Fred Romagnolo 12:18 PM  

At first I thought DEMOCRATIC state, 'cause they're colored blue, but DAMES & TYRANT gave me party, but didn't get the joke 'til this blog! I thought the game was called "battleship," but it didn't fit, then the crosses gave it to me. @Casco: I knew that the MODEL A was towards the end of the 20's from reading "Only Yesterday," the superb history of that era. I've never had a falafel, but crosses saved me there. @Marushka: I knew roulette and the novel, but had forgotten the cheese, thanks. Anyone notice that POTATOES had the same spelling as that of an unfairly criticized Veep? I didn't know TEK but soma wouldn't fit, but will I remember it? No one mentioned that IT'S ALL IN THE GAME, wasn't written in 1958, but much earlier, in '58 it was a golden oldie. Unlike almost everyone else, I got the middle first and branched from there.

Steve J 12:24 PM  

While I generally dislike grids that allow only one entry point into major sections, this was pretty well done. Good fill, and clean at that, and nice cluing (the latter is the best evidence of Steinberg's maturing as a constructor; he used to seem to try too hard for obscurity, but now things seem natural). Good, medium-challenging Friday here (I couldn't crack the far NW corner without googling, since like any, I had IT'S ALL IN THE ____).

old timer 12:38 PM  

Here in California, we saw lots of Oregon games on TV this year. I swear the Ducks are the best I have ever seen. Ever. Of course on any given Saturday.... Or Monday or whenever that college championship is being played.

Oh. There was a puzzle? Easiest Friday for me in a long time. If you went to Cat'lic school, you knew what to call your Cardinal: His Eminence, James Francis Cardinal McIntyre. I wonder if they still do that? Put the word Cardinal after the first names and before the last?

I remember the song "It's All in the Game". Didn't know VP Dawes wrote it though. That helped me finish the top. Gave up on the middle, and easily guessd "INEXISTENCE". And, knowing there is nothing like a DAME, the Democrats came into view.

I had REDHOT on one side of the middle and PLANET on the other. I thought the stuffed accessories would be something else, but PINCUSHIONS became obvious -- and it also became obvious that SANER was wrong and HALER was right.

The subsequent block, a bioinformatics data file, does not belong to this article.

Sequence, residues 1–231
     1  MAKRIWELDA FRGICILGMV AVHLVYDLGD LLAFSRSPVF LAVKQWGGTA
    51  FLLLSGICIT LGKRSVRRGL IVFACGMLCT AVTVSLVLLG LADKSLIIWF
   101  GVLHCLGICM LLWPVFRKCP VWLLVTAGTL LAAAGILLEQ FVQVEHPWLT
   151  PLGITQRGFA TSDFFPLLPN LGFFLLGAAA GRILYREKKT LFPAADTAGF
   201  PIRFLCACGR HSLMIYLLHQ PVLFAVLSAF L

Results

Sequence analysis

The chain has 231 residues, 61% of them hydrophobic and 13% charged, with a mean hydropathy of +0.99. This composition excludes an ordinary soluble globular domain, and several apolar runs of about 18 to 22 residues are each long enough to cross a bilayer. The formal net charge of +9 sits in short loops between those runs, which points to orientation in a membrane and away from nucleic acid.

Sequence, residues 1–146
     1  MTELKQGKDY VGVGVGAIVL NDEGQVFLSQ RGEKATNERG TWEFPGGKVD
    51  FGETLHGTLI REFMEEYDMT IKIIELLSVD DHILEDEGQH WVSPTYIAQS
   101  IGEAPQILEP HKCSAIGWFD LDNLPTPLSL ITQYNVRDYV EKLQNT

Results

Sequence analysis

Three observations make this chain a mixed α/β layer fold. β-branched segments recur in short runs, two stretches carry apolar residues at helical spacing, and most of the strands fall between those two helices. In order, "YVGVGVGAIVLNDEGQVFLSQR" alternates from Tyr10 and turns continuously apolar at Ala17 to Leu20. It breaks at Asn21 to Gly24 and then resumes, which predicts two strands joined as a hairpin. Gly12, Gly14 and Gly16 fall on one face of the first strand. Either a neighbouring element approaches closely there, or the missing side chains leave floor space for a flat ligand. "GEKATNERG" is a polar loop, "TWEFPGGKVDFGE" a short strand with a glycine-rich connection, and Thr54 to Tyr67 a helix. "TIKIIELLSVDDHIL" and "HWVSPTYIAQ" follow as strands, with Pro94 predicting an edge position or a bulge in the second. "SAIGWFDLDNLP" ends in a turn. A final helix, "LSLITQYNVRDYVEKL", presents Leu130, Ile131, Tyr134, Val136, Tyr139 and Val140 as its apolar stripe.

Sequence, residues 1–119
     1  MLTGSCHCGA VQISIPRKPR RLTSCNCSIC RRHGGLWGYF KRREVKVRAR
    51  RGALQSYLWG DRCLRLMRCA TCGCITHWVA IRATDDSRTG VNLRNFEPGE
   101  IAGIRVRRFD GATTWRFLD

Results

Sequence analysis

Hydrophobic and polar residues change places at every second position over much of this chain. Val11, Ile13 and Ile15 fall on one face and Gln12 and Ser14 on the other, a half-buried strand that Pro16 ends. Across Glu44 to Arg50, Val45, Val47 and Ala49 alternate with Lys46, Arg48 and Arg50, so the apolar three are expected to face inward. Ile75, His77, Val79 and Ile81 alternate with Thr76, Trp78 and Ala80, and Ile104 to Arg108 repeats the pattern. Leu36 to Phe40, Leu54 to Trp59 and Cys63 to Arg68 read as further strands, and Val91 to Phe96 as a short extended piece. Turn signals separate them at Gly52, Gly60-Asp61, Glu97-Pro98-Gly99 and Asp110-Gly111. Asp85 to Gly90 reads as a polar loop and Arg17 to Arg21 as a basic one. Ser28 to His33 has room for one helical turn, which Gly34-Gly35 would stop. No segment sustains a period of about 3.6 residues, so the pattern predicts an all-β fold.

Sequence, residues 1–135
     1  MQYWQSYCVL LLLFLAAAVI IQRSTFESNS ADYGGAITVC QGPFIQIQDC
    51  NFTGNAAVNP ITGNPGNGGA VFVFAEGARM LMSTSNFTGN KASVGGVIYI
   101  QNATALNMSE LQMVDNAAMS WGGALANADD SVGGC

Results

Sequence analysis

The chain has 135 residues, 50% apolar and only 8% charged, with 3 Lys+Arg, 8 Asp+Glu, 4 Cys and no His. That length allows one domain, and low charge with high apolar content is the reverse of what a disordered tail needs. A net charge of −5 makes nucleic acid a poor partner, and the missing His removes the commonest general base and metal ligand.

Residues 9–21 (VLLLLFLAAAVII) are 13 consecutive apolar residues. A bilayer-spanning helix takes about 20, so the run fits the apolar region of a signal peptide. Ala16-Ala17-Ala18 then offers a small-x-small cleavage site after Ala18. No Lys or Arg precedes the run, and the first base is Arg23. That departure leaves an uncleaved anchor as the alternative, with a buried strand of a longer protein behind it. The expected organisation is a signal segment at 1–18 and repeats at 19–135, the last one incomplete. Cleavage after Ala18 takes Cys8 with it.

Rex was right to rate this as easy-medium and equally right to praise it. It was very much in Patrick Berry mode.

Fred Romagnolo 12:42 PM  

Does "checked" words mean after you put it in, you look it up to see if you were right? If so, if you do it before you finish, is it cheating?

r.alphbunker 12:45 PM  

@Fred Romagnolo

One definition of cheating is anything you can't do at the ACPT.

Anonymous 12:59 PM  

They're called planets if they have sufficient mass for their self-gravity to overcome rigid body forces to make them round. Major or minor, they are still planets.

Numinous 1:18 PM  

I've been questioning the soundness of my mind lately, after my recent illness. Lots of typos and google DNFs as I do the dailies and the archives. Today, in an eyelash under an hour, I finished a DS cleanly with nary a cheat of any sort. True, I had a few Cascoesque WAGs as they say in the LAT blog but they erased themselves as crosses became clear.

@Conrad, there is yet another form of cheat which may be the worst of all: crosswordtracker.com. There, one can enter the letters one has in the answer and use ?s for missing letters. One can also enter some elements of the clue if necessary. If one has the correct letters for the answer, one will get the right word 99% of the time.

One cheat I eschew always: where google finds the crossword answers. Usually, within thet tempting forest there is at least one link that doesnt reference crosswords. Of the more than 1,000 NYT puzzles I have done in the past several years, I've resorted to that and @Conrad's number one cheat no more than five or six times.